PRODUCING STEADY-STATE FEED CONDITIONS FOR THERMAL PROCESSES
Abstract:Solids generated in wastewater treatment typically involves separation of a portion of the water from the treated liquid solids mixture, followed by treatment, or disposal, of the resulting cake. These options include Landfill, Drying and Pelletizing, or Incineration. Each of these have costs associated with the quality and quantity of the material being processed. In addition, Drying and Incineration systems achieve better efficiency when processing a consistent, steady-state feed. A thermal process optimization system should generate feedback signals allow for optimization of fuel consumption, solids throughput, and emissions standards.
Automated control and optimization of the unit processes upstream of a thermal system is a valuable tool for making unit processes more efficient, thus reducing O&M costs.
Mass flow unit processes, including thickening and dewatering, have proven difficult to effectively control due to the non-linear nature of the process variables. This meant, when using control systems based on PID control, operators had to frequently re-enter FIXED set points, in order to maintain process control or continually make manual adjustments to accommodate for changing conditions. Fortunately, in recent years, algorithms have been developed which create DYNAMIC set points. The use of dynamic set points allows the optimization process to be automated which in turn allows greater control in producing a consistent feed product to a downstream thermal process.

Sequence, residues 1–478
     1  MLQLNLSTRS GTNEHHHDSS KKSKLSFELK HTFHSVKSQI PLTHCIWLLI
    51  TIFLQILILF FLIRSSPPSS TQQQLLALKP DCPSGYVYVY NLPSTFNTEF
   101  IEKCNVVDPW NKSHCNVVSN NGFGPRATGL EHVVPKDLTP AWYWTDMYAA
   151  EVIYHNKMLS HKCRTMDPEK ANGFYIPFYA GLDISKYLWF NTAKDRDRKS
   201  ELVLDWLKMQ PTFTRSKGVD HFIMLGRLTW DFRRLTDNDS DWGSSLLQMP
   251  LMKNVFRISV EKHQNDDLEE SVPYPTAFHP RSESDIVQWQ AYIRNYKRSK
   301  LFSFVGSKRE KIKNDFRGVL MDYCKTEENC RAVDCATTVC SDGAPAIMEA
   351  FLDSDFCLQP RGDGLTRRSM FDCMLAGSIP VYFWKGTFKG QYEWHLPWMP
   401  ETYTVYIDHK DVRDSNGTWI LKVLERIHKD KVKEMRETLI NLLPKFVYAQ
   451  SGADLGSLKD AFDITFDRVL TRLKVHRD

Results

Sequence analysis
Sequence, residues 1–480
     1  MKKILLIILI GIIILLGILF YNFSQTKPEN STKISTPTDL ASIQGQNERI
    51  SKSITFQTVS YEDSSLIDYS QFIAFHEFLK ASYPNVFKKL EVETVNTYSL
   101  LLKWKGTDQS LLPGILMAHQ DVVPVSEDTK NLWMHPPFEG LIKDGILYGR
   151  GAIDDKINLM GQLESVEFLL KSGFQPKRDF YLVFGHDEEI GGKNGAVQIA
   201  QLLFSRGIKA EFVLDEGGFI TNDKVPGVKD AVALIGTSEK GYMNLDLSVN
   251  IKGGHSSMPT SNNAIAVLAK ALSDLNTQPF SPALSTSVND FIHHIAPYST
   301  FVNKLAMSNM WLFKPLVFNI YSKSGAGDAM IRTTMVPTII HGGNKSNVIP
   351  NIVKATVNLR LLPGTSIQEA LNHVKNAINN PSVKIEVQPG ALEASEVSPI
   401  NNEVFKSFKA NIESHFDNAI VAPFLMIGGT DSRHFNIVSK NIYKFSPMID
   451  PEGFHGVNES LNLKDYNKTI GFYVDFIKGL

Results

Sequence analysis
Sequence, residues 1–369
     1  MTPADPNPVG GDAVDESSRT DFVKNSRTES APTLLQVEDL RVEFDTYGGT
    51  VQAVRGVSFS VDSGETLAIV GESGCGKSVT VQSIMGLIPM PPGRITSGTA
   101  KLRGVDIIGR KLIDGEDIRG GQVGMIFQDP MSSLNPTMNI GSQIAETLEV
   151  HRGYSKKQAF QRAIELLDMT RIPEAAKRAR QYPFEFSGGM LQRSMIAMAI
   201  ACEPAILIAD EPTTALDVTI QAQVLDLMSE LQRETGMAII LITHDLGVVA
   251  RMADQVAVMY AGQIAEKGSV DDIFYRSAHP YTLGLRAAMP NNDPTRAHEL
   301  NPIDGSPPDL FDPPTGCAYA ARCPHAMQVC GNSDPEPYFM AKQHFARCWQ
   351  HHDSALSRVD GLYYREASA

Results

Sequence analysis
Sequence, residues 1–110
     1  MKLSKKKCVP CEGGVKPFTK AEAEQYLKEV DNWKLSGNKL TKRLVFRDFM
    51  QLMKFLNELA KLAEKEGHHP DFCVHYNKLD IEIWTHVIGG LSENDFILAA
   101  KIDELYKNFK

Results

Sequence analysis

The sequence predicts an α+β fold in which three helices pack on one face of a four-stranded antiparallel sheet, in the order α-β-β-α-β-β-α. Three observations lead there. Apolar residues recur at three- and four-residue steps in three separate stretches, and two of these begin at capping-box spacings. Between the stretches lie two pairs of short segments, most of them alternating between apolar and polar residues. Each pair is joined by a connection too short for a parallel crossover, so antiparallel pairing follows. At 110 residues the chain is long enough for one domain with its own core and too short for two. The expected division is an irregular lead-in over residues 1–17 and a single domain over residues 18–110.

This paper will focus on the Automation of process control and optimization of the thickening and dewatering process in order to produce the optimum product to the downstream thermal process. The optimization and control includes parameters such as dryness of cake and/or feed rate.
The author has been providing comprehensive control systems for numerous wastewater thermal processes since 1988. He provided a SCADA mass flow control system for a new furnace and centrifuge at the Hatfield WWTP in 1991. In the mid 1990s he furnished a control system upgrade for the Fitchburg WWTP. Equipment included a wet ESP, and a multiple venturi scrubber. In 1998 he was chosen as a controls consultant for the WERF 98-REM-3 project on dewatering automation. Two of the four test sites had Fluid Bed and Multiple Hearth furnaces.
The effective results for the recommended thermal control process include reduced fuel cost, consistent throughput, better emissions and reduced Operator attendance.
Document Type: Research Article
Publication date: January 1, 2003
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